A Health Insurance Mandate and Corporate Monopoly

The only way to go from sickness care to health promotion is with both tougher regulation of insurance companies and a meaningful mandate for individuals to buy health insurance.
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Requiring every American to own health insurance is tough medicine. A mandate to own health insurance can feel like a tax; it can be characterized as government overreach, and unless the subsidies are generous enough, it will feel like health care reform is putting the hammer to the middle class. And depending on which poll you look at, 50% to 70% of Americans oppose a mandate.

Nevertheless, a mandate is the key to creating successful health care reform. Without a mandate for every American to have health insurance, health care reform will fail. Ultimately, the polling data on a mandate doesn't matter; international experience tells us that people will warm to a mandate over time and will certainly not oppose it once they feel the positive impact it has on all of our health insurance coverage.

Here's why...

Right now, there are two ways for insurance companies to make money. They can improve the health of those they insure or they can invest their time and money trying to exclude the sick or the likely to be sick from buying coverage. In our current health system, it is far more profitable for insurance companies to focus on denying care, rather than improving the health of those they insure.

This is the opposite of every other country in the developed world. At the moment, the incentives in the US health system are for sickness care, not health promotion. Most American doctors get higher pay for delivering more care, not necessarily for providing better medicine. Likewise, insurance companies get rewarded for excluding those who might fall ill, rather than helping to improve the health of those that they already insure. And as long we keep these backwards, ill-conceived incentives in place, health care in the US will cost far more than it does any where else in the world and will continue to have patchy quality.

The only way to go from sickness care to health promotion is with both tougher regulation of insurance companies and a meaningful mandate for individuals to buy health insurance. If we require every American to have health insurance and we say that insurance companies can't make money by avoiding sick patients, the insurance companies will only survive if they focus on getting their insurees healthy and developing innovative ways to keep them that way. Those are the type of incentives we need for success.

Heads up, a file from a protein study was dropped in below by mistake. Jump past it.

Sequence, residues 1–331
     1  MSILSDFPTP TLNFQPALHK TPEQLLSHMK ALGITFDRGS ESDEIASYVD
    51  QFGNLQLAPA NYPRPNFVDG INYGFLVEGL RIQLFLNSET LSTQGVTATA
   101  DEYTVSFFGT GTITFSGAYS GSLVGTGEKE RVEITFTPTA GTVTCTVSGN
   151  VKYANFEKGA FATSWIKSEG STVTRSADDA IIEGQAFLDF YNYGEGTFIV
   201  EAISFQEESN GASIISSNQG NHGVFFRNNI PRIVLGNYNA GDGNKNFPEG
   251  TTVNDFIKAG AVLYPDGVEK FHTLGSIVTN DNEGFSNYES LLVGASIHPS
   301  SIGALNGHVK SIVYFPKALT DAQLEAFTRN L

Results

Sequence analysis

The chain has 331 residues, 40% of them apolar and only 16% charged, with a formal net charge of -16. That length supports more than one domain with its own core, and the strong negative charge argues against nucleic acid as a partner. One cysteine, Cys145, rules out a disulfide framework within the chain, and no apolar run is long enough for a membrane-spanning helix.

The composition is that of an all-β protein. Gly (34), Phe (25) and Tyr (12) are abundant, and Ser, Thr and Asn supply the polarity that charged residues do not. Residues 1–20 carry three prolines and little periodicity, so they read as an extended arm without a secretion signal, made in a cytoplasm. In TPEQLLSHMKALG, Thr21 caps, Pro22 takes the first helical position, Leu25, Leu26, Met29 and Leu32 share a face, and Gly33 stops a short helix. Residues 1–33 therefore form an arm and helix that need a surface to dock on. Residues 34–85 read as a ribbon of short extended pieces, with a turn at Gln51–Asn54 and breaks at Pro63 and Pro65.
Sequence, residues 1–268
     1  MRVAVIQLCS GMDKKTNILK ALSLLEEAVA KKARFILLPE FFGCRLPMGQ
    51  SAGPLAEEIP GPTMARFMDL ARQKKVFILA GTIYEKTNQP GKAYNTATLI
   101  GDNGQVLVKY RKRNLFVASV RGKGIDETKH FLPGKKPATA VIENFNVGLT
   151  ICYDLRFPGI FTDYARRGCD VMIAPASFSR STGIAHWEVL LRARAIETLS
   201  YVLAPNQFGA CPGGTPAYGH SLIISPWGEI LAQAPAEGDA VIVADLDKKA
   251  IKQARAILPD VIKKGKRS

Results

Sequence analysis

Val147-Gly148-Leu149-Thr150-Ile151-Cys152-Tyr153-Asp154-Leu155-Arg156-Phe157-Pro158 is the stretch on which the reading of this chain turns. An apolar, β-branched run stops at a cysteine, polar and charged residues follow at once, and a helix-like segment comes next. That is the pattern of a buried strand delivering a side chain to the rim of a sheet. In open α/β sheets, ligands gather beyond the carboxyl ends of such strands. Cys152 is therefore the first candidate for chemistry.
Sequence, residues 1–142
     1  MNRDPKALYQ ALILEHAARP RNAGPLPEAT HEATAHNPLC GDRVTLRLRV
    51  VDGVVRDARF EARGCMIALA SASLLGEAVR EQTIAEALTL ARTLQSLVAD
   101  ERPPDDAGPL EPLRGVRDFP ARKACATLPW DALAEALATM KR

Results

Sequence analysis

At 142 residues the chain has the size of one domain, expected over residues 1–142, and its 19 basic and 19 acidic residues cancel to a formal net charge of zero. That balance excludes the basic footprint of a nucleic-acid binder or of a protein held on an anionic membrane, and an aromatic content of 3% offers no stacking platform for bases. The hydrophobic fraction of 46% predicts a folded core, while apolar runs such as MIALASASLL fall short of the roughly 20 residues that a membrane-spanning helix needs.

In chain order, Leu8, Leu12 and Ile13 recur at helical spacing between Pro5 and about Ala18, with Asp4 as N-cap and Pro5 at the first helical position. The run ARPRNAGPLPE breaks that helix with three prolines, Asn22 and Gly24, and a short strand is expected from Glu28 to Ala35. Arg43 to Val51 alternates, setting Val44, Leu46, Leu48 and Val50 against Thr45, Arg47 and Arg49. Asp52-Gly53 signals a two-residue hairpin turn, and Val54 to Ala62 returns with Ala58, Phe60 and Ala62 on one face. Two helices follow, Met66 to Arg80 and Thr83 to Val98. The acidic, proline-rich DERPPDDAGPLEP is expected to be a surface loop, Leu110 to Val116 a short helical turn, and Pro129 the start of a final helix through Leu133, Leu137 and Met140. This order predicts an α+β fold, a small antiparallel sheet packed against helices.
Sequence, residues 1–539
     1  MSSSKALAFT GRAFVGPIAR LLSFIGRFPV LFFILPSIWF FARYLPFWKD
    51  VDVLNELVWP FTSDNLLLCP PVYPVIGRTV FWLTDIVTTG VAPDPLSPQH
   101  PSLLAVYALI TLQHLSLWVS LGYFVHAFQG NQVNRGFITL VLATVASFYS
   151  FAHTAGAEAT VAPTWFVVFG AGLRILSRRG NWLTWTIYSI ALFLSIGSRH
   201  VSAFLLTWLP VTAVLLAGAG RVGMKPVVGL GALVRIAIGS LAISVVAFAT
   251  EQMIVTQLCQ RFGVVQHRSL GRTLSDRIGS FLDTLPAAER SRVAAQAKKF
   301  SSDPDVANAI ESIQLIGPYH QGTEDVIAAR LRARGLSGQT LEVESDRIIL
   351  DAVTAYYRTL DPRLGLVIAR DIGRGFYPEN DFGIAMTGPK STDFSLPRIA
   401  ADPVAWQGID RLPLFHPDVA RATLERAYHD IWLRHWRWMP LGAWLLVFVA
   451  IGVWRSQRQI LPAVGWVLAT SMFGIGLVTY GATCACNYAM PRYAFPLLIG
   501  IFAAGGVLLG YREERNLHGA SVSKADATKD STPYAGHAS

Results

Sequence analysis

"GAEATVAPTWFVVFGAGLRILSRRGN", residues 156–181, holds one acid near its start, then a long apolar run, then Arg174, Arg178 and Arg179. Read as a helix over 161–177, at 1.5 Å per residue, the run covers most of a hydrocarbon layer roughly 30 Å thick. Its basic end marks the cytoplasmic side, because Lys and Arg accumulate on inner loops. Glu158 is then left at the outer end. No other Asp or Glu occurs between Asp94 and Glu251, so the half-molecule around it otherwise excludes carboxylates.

Part of the political problem with a mandate is that it is precisely what the insurance industry wants. To many Democrats, this makes a mandate feel like a simple giveaway to the insurance industry with no quid pro quo. And, in light of the release of the blatantly self-serving and obstructionist report from the insurance industry's lobbying arm, the America's Health Insurance Plans, it's hard to blame anyone for feeling that way. But, this isn't the whole story. Turning a blind eye to a mandate as a form of revenge would be cutting of our nose to spite our face.

We usually think of the Republicans as the party of industry competition. However, over time, Republicans have morphed into the party of monopoly and their brand of monopoly is trouble. Their brand of monopoly enables insurance companies to be shielded from competition and exempted from having to step up their game to meet customers' needs. This has hurt us all. Private companies operating in monopoly markets are bad for the American public.

Think about it for a moment...we have about a sixth of our economy in a market that has no competition and zero pressure to slow spending.

That's where competition comes in. In addition to requiring everyone to buy insurance, we need to make the health insurance market more competitive. That competitive pressure is what's going to keep insurance companies honest. With healthy competition, insurance companies won't be able to sit there and charge outrageous prices. In a competitive market, if they do, they'll be priced out and forced to close, just like any other company failing to meet their customers' needs. That's why I'm encouraged by recent efforts to repeal the antirust exemption for health insurance companies.

We also need to go further and make sure every American has a meaningful choice of health care plans with one guaranteed viable option. More than ever, in the wake of the insurance industry's report, we now see why a public option is a must. If the insurance industry were really interested in improving health care reform, they would have published their report months ago, when it could have helped shape the debate. Dropping their report at the 11th hour only served to highlight that insurers are interested in their own welfare, not progress.

A final point. Health care polling has been all over the map over the last few months and is testing the resolve of policy-makers and politicians. However, even the best polls out there are a snapshot of an unfinished race. The polls that matter are the ones that will reveal how Americans feel about health reform feel once they've experienced it's benefits.

While we'll never know how the American public would react before legislators act, we can get a good clue from Switzerland. There, a mandate for citizens to own health insurance won by the slimmest of margins. Today, more than a decade and a half after the Swiss reforms passed, a far greater percentage of the electorate and vast majority of the population support the mandate and don't want to see it over turned. The Swiss perceptions of the reforms shifted once individuals felt the difference it made in their lives. That's a lesson we're going to need to take to heart in the US.

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